Ex­treme tech­niques to de­clut­ter your home

The Daily Telegraph - Property - - Front Page -

Fi­nally, after a seem­ingly end­less dark win­ter, it’s time for a big spring clean. But be­fore you can even start on the clean­ing, you have to clear the decks. Re­search by the Univer­sity of Cal­i­for­nia found that clut­ter in the home can raise stress lev­els, with women in par­tic­u­lar ex­pe­ri­enc­ing a spike in hor­mones as a re­sult of mess. “Peo­ple be­come over­whelmed by the amount of clut­ter they have in their homes,” says de­clut­ter­ing ex­pert Les­ley Nay­lor. “But when they tackle it, it can be a hugely ther­a­peu­tic jour­ney.”

There has been a slew of books out re­cently tap­ping into our col­lec­tive, and sea­sonal, need to or­gan­ise our stuff. But where to start? With a house cov­ered in a thin film of builders’ dust and in need of a good tidy up, I de­cided to try a dif­fer­ent method for each room. they doc­u­ment how, when ap­proach­ing the age of 30 a few years ago, they re­alised that all the stuff they had craved and then ac­cu­mu­lated didn’t ac­tu­ally make them feel any bet­ter. And so they de­cided to pare back their lives.

They claim that the blog, and the four books it has spawned, have helped two mil­lion peo­ple, so per­haps I can glean some in­sights too. I try a ver­sion of their Min­i­mal­ism Game in my kitchen, where you get rid of one item on day one, two on day two and so forth. It’s a nice prin­ci­ple, but fired up with the de­clut­ter­ing zeal, I want to blitz it all.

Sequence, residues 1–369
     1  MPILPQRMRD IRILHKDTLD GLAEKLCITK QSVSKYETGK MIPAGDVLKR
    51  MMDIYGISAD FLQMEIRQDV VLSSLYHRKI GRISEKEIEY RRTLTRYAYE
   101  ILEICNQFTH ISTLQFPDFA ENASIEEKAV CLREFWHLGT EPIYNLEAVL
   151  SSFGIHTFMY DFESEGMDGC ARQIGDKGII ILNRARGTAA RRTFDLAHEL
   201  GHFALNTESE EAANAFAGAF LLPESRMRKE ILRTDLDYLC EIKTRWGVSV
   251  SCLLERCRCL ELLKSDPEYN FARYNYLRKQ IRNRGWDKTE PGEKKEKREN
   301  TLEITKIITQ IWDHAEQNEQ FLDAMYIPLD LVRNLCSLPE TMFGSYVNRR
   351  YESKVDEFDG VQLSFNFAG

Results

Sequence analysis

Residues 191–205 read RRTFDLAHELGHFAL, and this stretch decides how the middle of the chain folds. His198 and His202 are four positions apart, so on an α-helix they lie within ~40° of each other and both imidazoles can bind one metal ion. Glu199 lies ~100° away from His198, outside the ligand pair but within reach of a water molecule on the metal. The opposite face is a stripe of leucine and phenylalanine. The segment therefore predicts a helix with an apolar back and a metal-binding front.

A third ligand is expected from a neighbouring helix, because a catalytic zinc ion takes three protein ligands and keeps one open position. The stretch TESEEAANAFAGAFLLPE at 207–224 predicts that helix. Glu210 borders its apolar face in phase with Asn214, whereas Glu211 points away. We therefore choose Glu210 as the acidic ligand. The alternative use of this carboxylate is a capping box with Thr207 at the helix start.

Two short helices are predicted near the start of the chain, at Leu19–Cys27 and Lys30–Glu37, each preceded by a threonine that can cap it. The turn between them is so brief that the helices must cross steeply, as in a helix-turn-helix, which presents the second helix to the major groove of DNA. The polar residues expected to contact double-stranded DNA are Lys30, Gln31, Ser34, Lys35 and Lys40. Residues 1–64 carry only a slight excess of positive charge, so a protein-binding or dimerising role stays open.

But pa­tiently I keep it up: out go sur­plus Tup­per­ware that I can’t find lids for; toys that I’ve stashed be­cause my daugh­ter no longer uses them; old mag­a­zines I kept for “ref­er­ence”; cook­books that I have never re­ally used. I can see the ben­e­fit of do­ing it slowly, and by the end of the sec­ond week it’s be­com­ing a habit to ques­tion what I re­ally still need to keep.

Fields Mill­burn and Ni­code­mus them­selves say that de­clut­ter­ing isn’t the end goal, but in­stead it’s about ask­ing why we’re so at­tached to pos­ses­sions.

The site is full of in­spir­ing es­says that help you tackle dif­fer­ent ar­eas of your life, such as how to de­clut­ter your dig­i­tal world and how to be a min­i­mal­ist with chil­dren. This is spring clean­ing with a side of ex­is­ten­tial­ism. body, fold it in half, and fi­nally into thirds so that it stands up on its own in the drawer.

It does make it eas­ier to see what’s there, granted. But is the time spent worth it when my daugh­ter can get through two vests a day and mul­ti­ple out­fit changes? I’m not con­vinced.

“Now, let’s fold socks,” Kondo says on the video, at which point she def­i­nitely loses me. I’m quite com­fort­able with the fact that our sock draw­ers are not places of beauty. Surely wear­ing match­ing socks (some­thing we don’t all man­age ev­ery day) is an achieve­ment in it­self ? It sounds far less charm­ing than hygge, but “dostad­ning”, an amal­ga­ma­tion of the Swedish words for death and clean­ing, is on course to be one of this year’s big­gest trends. It has been pop­u­larised by Mar­garet Mag­nus­son in her re­cent book, The Gen­tle Art of Swedish Death Clean­ing. As the ti­tle sug­gests, it ad­vo­cates a big clear out be­fore you die to save your rel­a­tives the has­sle of it later on.

Mag­nus­son says that the process is ac­tu­ally “more like

Swedish death clean­ing in the loft, be­low; the KonMari method, above

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